The Bankers Vig And The Price We Pay: The Economic Cost Of Repealing Glass-Steagall

Before Glass-Steagall was abolished, financial institutions accounted for 20% of total corporate profits. Over the last 18 years, that amount has doubled to 40%. We remind you that banks do not innovate; their profits represent a missed opportunity for someone else to innovate.


When banks take a bigger share of the economic pie, labor, investment activity, corporations and shareholders suffer. The removal of Glass-Steagall has resulted in a large shift of capital from those that consume and innovate to the financial intermediaries or the economic bookies. You may think it a trivial matter that financial institutions are subsidized and profit at the expense of others. After all, those additional bank profits accrue to shareholders who in turn invest the capital back into the economy. While plausible, the fact of the matter is banking stocks have not reflected the higher profits.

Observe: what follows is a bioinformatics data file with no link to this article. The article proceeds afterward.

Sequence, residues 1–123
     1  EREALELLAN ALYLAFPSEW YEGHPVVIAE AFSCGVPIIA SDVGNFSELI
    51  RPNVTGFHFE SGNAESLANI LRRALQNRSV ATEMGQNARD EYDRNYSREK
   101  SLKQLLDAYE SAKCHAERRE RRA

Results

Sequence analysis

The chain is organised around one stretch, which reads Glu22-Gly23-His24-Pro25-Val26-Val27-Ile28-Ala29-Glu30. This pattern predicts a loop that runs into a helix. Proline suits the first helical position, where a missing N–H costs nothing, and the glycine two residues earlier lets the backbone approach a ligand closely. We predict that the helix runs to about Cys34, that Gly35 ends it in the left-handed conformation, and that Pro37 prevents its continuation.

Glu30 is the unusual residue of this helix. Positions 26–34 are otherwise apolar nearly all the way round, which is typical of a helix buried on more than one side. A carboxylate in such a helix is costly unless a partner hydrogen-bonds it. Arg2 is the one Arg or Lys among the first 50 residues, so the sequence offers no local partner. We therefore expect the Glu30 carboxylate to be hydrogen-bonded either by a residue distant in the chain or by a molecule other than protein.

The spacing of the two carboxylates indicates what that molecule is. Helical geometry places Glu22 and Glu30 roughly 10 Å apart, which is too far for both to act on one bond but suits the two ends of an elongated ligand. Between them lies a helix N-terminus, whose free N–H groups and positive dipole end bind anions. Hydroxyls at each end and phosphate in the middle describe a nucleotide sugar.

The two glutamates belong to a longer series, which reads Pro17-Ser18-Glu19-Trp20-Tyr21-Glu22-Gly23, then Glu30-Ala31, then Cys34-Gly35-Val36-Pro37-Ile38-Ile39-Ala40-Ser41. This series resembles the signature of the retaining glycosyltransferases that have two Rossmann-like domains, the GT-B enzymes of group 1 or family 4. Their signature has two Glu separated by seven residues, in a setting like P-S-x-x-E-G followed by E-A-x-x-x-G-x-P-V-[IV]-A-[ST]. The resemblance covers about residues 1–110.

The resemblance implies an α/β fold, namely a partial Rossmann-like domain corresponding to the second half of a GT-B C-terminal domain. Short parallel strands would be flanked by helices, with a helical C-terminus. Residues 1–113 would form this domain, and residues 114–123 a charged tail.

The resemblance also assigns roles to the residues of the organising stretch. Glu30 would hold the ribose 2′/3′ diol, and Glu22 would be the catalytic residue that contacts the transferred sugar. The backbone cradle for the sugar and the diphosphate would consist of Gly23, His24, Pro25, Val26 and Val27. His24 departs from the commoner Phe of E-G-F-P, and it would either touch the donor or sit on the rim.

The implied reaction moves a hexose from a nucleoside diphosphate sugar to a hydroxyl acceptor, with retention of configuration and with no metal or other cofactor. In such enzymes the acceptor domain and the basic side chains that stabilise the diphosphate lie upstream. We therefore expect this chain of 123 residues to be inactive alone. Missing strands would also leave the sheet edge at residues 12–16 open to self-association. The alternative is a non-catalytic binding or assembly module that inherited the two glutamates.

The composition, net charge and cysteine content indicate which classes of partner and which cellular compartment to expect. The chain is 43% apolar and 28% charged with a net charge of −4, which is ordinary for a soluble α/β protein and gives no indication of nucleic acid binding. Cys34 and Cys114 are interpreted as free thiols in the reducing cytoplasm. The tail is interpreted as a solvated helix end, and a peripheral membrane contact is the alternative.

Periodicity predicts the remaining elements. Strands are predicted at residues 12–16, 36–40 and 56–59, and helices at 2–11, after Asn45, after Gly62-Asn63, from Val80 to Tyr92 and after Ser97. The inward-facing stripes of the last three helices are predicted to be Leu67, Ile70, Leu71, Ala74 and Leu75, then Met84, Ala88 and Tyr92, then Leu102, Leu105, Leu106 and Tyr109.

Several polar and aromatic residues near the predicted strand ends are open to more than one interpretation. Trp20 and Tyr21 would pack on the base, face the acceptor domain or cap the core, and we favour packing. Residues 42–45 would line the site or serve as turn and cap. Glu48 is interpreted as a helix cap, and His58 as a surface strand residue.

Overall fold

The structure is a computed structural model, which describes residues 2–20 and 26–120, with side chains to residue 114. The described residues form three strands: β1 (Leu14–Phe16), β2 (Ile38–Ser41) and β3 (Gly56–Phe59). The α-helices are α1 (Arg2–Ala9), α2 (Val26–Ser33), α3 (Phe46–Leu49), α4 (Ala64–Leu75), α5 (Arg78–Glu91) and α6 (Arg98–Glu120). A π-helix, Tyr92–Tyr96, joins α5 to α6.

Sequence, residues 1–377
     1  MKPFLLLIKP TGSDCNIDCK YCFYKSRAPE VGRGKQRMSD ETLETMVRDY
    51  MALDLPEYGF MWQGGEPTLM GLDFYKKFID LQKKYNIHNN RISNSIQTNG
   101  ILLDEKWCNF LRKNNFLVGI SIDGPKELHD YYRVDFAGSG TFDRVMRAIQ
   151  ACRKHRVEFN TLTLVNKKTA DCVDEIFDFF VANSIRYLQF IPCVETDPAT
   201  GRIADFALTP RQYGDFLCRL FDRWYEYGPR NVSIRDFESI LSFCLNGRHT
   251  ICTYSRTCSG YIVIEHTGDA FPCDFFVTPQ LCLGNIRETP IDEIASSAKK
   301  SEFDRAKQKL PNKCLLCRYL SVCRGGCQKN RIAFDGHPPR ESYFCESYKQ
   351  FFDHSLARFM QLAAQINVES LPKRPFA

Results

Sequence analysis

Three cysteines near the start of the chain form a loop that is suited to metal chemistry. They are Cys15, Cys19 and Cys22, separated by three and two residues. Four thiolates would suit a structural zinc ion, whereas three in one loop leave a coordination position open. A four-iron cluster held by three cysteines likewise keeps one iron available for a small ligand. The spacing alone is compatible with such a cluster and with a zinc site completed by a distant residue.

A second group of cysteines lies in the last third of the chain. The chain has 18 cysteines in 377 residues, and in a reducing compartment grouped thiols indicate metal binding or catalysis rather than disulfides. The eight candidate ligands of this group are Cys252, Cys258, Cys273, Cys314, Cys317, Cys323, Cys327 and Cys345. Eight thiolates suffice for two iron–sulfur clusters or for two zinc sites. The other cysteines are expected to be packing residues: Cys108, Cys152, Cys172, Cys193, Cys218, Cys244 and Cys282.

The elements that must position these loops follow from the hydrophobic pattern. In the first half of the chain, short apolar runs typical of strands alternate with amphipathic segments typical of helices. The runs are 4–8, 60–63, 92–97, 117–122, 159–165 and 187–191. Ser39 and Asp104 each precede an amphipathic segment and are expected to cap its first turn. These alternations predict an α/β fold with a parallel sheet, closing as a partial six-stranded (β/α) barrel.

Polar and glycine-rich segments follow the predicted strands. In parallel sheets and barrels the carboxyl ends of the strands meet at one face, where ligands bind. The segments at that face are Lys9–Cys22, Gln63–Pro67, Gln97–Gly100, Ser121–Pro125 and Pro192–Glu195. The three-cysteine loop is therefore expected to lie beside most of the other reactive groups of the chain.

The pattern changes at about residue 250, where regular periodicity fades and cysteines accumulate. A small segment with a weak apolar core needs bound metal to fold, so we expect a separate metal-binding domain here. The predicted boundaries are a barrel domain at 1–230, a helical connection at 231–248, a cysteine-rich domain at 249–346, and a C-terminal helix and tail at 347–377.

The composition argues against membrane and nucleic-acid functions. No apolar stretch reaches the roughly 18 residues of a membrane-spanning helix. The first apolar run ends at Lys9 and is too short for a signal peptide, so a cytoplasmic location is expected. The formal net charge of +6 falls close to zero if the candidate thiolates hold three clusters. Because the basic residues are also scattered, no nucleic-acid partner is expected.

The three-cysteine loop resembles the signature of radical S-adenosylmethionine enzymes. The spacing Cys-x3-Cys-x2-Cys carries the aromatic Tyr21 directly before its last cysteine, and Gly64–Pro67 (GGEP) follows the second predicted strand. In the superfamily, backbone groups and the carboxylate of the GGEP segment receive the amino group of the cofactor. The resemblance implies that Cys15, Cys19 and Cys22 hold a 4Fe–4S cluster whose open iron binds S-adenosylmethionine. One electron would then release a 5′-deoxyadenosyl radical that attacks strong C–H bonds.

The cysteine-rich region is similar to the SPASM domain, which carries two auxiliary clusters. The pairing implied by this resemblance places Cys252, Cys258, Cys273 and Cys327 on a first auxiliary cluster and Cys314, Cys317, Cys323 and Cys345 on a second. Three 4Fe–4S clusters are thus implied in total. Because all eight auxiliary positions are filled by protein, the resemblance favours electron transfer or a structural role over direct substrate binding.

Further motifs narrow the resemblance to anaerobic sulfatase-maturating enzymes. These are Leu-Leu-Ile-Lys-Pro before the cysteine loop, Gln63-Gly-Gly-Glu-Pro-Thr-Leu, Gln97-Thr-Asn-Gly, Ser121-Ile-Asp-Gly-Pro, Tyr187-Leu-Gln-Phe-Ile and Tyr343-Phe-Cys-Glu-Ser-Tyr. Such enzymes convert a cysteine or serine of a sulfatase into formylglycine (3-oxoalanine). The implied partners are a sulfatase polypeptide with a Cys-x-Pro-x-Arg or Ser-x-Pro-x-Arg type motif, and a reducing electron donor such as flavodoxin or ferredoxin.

The KBW Bank Index has risen about 1% on an annualized basis since the Gramm-Leach-Bliley Act was passed. In other words, the shareholders have not been the beneficiaries of the enormous profit growth. Therefore, the riches graphed above have largely gone to those executives and other highly paid employees of these institutions. These circumstances have also widened the wealth imbalance that is so prevalent in the working population today.

If you happen to be one of the beneficiaries of the policies aimed at the financial industry, then you probably have done very well and had no complaints. For the other 99% of the working class, there may be some resentment to the fact that they were not only left behind but that they subsidized the policies fueling the wealth of the top 1%.

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